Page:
This phase involves close monitoring, governance, and continuous feedback loops to ascertain that the modernized application not only works as intended but also evolves with the changing needs of the organization.

What are the expected business outcomes during this step

  • Enhanced productivity and efficiency from the new system.
  • Achieving stated business goals, which formed the foundation of the modernization effort.
  • Improved agility and flexibility of the application.
  • Cost-effective operation with minimized risks.
  • Positive user reception and feedback.

Who are the key stakeholders during this step

  • Application manager/application analyst: Responsible for overall application lifecycle management, skills gap analysis, and resource acquisition.
  • Business unit owners: Evaluate applications in terms of bottom-line benefits and impact on revenue.
  • Developers/DevOps/DevSecOps: Handle design, deployment, security, and ongoing maintenance.
  • Application users: Their feedback is critical to gauge application performance, privacy, and security.

What activities should be completed during this step

1. Complete “housekeeping” tasks

Like any software development or IT project, there is work to be done after a project has launched to ensure it can successfully transition into full production.

  • Purge outdated data: Identify and eradicate outdated or unnecessary data post-deployment to free up valuable storage space and maintain data integrity.
  • Update documentation: Reflect the modernized system by ensuring all relevant user guides, system architecture diagrams, and operation manuals are current and accurate.
  • Manage software licenses: Adjust or renew licenses as needed based on the new setup, ensuring all software licenses are in compliance with legal requirements.

2. Evaluate the success of the modernization work

Understanding whether the modernization effort hit the mark is crucial. From the IT team to the end-users, collecting feedback provides a holistic view of how the modernized system is performing. This feedback can be gathered through structured surveys, one-on-one interviews, or focus group discussions.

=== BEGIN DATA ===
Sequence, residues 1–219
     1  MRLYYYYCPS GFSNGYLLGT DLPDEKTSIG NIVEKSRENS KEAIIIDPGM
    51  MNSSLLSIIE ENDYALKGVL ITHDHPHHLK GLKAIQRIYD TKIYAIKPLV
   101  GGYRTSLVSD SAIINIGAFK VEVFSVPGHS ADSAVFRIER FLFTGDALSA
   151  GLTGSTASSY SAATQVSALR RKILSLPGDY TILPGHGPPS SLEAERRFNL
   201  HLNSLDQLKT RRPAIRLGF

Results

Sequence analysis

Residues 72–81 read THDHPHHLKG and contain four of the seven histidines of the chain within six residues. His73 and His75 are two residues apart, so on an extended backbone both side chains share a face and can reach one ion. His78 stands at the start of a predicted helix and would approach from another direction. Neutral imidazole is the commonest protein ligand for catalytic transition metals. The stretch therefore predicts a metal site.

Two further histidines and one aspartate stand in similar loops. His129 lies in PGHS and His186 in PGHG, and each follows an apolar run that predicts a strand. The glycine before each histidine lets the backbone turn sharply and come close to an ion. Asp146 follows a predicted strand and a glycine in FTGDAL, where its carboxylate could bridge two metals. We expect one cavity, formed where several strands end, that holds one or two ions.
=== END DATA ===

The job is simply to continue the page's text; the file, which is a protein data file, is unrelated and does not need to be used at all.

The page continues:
Consider questions such as:

  • Did the modernization effort help to achieve stated business goals?
  • How has productivity or efficiency improved since deployment?
  • Is the new application more agile and flexible?
  • Were costs and risks successfully managed?
  • How are users responding to the new application?
  • Is there anything left undeveloped or goals left unmet?

In conjunction with qualitative feedback, validate the success of your modernization work by gathering quantitative data and comparing it against the KPIs.

3. Adjust and refine the modernization strategy

Post-evaluation, take a step back and review the overall modernization strategy. Are the initial objectives still aligned with the current business needs and the results obtained?

If the modernization proved successful, consider employing the learned best practices for other potential legacy system upgrades.

However, if certain challenges arose, it's essential to treat them as learning opportunities to adjust and fine-tune the roadmap for future projects. This iterative approach ensures that with each project, the organization becomes more adept at handling modernization efforts.

SoftKraft - Let us help you modernize your legacy applications

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Why choose our legacy application modernization services

  • Experience tailor-made modernization with our bespoke, user-focused approach.
  • Elevate both user experience and software performance simultaneously with our multifaceted modernization team.
  • Embrace cutting-edge technologies, including Machine Learning, AI, and Big Data, to stay ahead.
  • Launch new features faster than ever - Our cloud engineers and designers have years of experience in bringing systems up to date quickly